>> layout feedback wastes too much developer time. SWT got it slightly
>> better with FormLayout, which I found very useful. Then I discovered
>> Qt's layouts: horizontal, vertical, and grid. That's it. Super  
>> simple.
>> Qt got it right, because widgets know how they are supposed to  
>> stretch.
>
> Mustang's GroupLayout (used by the Netbeans builder) is even better.
> Also Java's BoxLayout works like Qt's horiz and vert layouts.
>
>> * Cumbersome Deployment
>>
>> Since we're talking about desktop applications, we have to mention
>> deployment. Java desktop applications are hard to deploy. I think  
>> Java
>> WebStart is pretty nifty, but it requires a JVM to work! My  
>> experience
>> porting from Java 1.3 to 1.4 was painful enough to teach me that Java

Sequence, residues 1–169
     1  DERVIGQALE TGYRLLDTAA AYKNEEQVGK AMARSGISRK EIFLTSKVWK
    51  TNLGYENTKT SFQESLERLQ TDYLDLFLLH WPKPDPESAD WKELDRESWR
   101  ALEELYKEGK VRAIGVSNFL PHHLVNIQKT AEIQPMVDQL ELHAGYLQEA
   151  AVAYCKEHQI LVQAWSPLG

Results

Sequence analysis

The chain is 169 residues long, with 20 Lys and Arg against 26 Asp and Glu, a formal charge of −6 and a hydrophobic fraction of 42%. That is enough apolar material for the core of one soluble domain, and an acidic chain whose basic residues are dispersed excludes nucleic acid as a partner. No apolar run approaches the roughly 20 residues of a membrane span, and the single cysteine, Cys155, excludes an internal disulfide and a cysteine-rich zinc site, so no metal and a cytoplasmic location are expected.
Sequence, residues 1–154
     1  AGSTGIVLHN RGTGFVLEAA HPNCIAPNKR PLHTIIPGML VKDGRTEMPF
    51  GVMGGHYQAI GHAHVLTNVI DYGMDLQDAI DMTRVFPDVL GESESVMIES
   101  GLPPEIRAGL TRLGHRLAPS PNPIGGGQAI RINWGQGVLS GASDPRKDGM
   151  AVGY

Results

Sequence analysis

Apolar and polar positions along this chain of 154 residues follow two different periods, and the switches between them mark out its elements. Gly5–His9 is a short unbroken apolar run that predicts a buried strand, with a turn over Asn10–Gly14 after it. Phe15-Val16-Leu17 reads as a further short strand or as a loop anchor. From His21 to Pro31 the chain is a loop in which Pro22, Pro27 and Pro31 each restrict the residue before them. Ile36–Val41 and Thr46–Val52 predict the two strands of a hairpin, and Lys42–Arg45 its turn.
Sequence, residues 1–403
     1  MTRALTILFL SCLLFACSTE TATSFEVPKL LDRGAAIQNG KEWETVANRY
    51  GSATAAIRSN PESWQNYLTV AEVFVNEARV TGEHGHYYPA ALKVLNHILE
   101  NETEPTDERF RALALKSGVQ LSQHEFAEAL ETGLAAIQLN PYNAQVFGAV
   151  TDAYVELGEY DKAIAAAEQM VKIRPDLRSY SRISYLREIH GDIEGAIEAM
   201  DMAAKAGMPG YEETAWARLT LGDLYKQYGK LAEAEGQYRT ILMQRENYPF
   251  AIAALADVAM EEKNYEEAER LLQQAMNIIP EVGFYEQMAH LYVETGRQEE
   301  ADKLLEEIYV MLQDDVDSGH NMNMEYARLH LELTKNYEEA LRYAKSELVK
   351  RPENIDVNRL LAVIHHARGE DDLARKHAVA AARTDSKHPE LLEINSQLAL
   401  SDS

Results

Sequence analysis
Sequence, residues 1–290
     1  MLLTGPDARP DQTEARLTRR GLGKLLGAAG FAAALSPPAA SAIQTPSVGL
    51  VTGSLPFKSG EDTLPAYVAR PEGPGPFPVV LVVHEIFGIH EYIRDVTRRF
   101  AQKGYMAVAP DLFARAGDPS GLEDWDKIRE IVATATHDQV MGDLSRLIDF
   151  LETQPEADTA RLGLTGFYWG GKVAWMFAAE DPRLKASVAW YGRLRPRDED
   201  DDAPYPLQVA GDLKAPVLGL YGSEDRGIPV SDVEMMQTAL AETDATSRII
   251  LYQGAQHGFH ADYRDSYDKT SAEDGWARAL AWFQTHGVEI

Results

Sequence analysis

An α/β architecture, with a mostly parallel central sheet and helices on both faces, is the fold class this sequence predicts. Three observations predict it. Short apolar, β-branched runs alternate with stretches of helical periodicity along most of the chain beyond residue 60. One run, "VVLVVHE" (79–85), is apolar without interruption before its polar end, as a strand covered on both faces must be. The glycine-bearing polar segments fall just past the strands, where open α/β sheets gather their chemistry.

>> apps would have to ship their own JVM (meaning they would never be  
>> able
>> to adapt to the already installed JVM at runtime). That's sad,  
>> because
>
> No.  As long as someone has a 1.5 or better JVM, the JNLP descriptor
> will tell them that they need a newer JRE to run your WebStart app (if
> you require a newer JRE) and the older JVM they have will know to
> download the newer JVM to run your app (with the user's permission).
>
>> the JVM is huge, even by today's standards.
>
> 16MB.  I'm not saying that it's small, but the .NET 1.1 runtime is
> 22MB -- .NET 2.0 will be even bigger.  It would take your averge user
> less time to download the JRE than it would for them to do their
> monthly Windows update...  Or daily virus scan...  You choose.
> Downloading Firefox and Thunderbird takes 10MB.  So I disagree that it
> is big by "today's standards".
>
>> I used InstallAnywhere to deploy my Swing app at work, and that  
>> thing took 30 minutes just to
>> build the installer. Now I use Nullsoft's NSIS, which takes about 3
>> seconds to build my Qt GUI's installer. All I do is install the  
>> 2Mb Qt
>> DLL on Windows and I'm done. If I don't have that liberty, then I
>
> You can stil use NSIS with Java apps.  I would.  I hope you're